2004's Low Life wasn't received too well either. Some even compared it to Downfall, as Im trying to go back to the commercialism of the General's Son trilogy but failing to understand how cinematic sensibilities had changed in the last decade. In many ways it was deserved criticism, but Low Life will likely be reconsidered in a different light years from now. It does feel like a reworking of the Kim Doo Han trilogy, but in it one can find a slightly autobiographical slant, with Chungmuro of the 60s and 70s almost perfectly rendered, along with impeccable sets and props. It also showed how much actors like Cho Seung Woo and particularly Kim Min Sun had matured in the last few years, closing in great fashion with a song by the godfather of Korean folk rock, master Shin Joong Hyun.

100. One hundred films is something only a handful of directors can reach in mature film industries, and doing so with films of the caliber Im Kwon Taek has directed over the last 40 plus years is an even more impressive feat. In 2007, he finally reaches that mark with Beyond the Years, a follow-up to Sopyonje. Based on the same Lee Cheong Joon novella as that of Sopyonje, the film sees Oh Jung Hae reprising her role as a blind, wandering pansori singer and Cho Jae Hyun portraying her brother, who spends a lifetime chasing after her. Though Beyond the Years did not make any impact on the box office, it matches Sopyonje in terms of artistic achievement.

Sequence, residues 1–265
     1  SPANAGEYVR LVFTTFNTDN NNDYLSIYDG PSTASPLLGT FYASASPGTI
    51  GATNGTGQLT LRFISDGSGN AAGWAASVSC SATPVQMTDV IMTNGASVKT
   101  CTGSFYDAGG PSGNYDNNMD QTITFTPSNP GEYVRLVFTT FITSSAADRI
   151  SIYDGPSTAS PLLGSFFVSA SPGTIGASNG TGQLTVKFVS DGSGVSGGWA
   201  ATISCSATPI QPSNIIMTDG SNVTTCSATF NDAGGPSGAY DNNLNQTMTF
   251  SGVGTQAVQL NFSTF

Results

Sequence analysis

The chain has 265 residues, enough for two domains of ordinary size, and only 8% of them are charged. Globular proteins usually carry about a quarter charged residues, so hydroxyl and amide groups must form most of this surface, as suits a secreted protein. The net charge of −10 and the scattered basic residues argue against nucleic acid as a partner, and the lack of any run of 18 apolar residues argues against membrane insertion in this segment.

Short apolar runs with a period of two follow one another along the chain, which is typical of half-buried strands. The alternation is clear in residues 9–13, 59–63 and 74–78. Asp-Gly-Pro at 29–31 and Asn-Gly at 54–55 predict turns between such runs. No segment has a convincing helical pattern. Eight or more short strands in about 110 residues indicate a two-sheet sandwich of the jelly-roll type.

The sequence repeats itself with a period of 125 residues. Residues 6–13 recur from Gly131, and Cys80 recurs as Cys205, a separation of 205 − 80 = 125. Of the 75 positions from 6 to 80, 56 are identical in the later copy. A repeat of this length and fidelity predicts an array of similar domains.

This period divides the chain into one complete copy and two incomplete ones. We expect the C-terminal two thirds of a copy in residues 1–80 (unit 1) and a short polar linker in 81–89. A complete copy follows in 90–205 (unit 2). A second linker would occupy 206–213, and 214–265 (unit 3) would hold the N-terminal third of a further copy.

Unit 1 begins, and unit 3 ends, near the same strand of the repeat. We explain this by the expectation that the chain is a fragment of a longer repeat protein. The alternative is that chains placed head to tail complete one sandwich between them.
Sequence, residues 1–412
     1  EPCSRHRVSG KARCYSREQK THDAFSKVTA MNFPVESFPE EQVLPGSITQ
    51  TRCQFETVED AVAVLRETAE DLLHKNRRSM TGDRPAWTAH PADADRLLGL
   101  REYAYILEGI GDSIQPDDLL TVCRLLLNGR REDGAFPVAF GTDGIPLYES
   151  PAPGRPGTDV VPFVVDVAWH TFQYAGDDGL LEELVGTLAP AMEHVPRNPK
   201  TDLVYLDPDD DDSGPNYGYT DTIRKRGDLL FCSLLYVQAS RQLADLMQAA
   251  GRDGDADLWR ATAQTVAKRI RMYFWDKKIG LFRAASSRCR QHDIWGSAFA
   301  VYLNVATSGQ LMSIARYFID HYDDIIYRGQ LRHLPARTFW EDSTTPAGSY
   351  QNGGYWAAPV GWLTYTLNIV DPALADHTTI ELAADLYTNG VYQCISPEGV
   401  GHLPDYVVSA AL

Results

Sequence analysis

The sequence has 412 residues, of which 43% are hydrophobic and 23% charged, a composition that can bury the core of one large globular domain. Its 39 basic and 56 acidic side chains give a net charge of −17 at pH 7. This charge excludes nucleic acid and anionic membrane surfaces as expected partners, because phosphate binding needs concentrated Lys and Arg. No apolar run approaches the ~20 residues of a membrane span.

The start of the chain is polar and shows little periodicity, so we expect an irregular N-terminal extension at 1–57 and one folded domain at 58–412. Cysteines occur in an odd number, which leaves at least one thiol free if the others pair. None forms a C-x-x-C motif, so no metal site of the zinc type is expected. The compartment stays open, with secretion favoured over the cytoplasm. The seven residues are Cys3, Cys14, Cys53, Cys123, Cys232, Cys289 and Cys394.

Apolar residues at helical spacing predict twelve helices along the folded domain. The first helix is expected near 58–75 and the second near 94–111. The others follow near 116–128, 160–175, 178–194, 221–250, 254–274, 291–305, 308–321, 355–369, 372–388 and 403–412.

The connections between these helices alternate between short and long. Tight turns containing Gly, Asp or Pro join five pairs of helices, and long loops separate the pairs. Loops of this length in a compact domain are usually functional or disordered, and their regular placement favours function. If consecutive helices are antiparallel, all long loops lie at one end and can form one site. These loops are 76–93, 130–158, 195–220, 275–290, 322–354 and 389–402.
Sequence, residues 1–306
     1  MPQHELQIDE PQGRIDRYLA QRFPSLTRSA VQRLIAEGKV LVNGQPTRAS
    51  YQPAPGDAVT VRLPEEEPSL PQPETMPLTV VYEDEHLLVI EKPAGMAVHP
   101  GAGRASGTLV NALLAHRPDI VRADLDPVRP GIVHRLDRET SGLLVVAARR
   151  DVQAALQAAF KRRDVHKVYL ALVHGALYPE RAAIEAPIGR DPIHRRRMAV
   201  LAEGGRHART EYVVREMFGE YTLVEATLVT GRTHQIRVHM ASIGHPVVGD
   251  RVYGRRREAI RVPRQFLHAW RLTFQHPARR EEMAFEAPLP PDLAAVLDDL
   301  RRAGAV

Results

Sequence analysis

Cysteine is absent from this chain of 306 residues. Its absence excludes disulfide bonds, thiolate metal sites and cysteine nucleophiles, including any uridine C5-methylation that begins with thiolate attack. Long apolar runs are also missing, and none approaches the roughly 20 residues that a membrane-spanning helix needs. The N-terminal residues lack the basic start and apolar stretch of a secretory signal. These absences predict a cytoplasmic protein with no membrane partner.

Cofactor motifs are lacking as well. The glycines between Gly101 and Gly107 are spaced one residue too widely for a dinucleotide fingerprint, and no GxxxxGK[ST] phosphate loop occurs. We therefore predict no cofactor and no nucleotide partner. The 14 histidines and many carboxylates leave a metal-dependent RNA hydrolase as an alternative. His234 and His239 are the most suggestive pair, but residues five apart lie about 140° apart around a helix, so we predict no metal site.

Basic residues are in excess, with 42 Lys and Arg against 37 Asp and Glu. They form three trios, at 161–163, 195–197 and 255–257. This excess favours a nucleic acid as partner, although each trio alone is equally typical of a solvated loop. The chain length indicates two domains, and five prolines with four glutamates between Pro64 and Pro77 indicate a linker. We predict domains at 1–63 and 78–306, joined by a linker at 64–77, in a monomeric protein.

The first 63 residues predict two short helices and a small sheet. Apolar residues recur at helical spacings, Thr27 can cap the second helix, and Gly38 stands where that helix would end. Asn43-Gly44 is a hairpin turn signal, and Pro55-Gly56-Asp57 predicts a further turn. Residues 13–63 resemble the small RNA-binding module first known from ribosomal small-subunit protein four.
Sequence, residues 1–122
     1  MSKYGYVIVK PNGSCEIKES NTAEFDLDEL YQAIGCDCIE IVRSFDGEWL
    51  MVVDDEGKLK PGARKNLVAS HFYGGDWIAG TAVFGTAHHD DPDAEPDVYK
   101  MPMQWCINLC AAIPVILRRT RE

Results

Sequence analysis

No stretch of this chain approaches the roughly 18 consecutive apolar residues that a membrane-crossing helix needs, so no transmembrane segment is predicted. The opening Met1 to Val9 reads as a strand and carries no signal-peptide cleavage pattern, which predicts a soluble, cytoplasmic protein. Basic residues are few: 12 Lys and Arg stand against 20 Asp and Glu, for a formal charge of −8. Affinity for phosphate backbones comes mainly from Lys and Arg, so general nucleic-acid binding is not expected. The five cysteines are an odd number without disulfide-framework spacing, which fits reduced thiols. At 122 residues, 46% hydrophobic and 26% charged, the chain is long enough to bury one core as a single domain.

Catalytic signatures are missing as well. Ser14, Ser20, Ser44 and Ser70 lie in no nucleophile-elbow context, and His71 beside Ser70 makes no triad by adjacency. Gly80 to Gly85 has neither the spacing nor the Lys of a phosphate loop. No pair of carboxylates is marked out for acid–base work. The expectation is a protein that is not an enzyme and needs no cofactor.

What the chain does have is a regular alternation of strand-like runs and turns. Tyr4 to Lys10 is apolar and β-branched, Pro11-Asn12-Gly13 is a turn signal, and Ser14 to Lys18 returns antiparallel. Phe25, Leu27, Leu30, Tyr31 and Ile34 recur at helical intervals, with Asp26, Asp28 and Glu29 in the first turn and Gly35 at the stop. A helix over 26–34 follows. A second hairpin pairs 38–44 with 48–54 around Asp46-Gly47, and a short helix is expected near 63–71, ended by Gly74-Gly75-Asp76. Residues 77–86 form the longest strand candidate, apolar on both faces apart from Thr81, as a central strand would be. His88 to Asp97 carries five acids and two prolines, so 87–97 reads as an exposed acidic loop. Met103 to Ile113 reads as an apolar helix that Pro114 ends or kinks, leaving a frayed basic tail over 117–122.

Im Kwon Taek is undoubtedly one of the most influential directors in the history of Korean cinema. He has made films of all kind, from the cheap historical dramas of his early days to the ode to humanism that was Mandala, from entertaining action films like The General's Son trilogy to ambitious adaptations like The Taebaek Mountains and Sopyonje. Im will always feature in Chungmuro's virtual Hall of Fame, as his films and legacy are walking examples of how the Korean film industry has changed, shaped by society, history, and, of course, people like Im Kwon Taek.

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Published August 20, 2007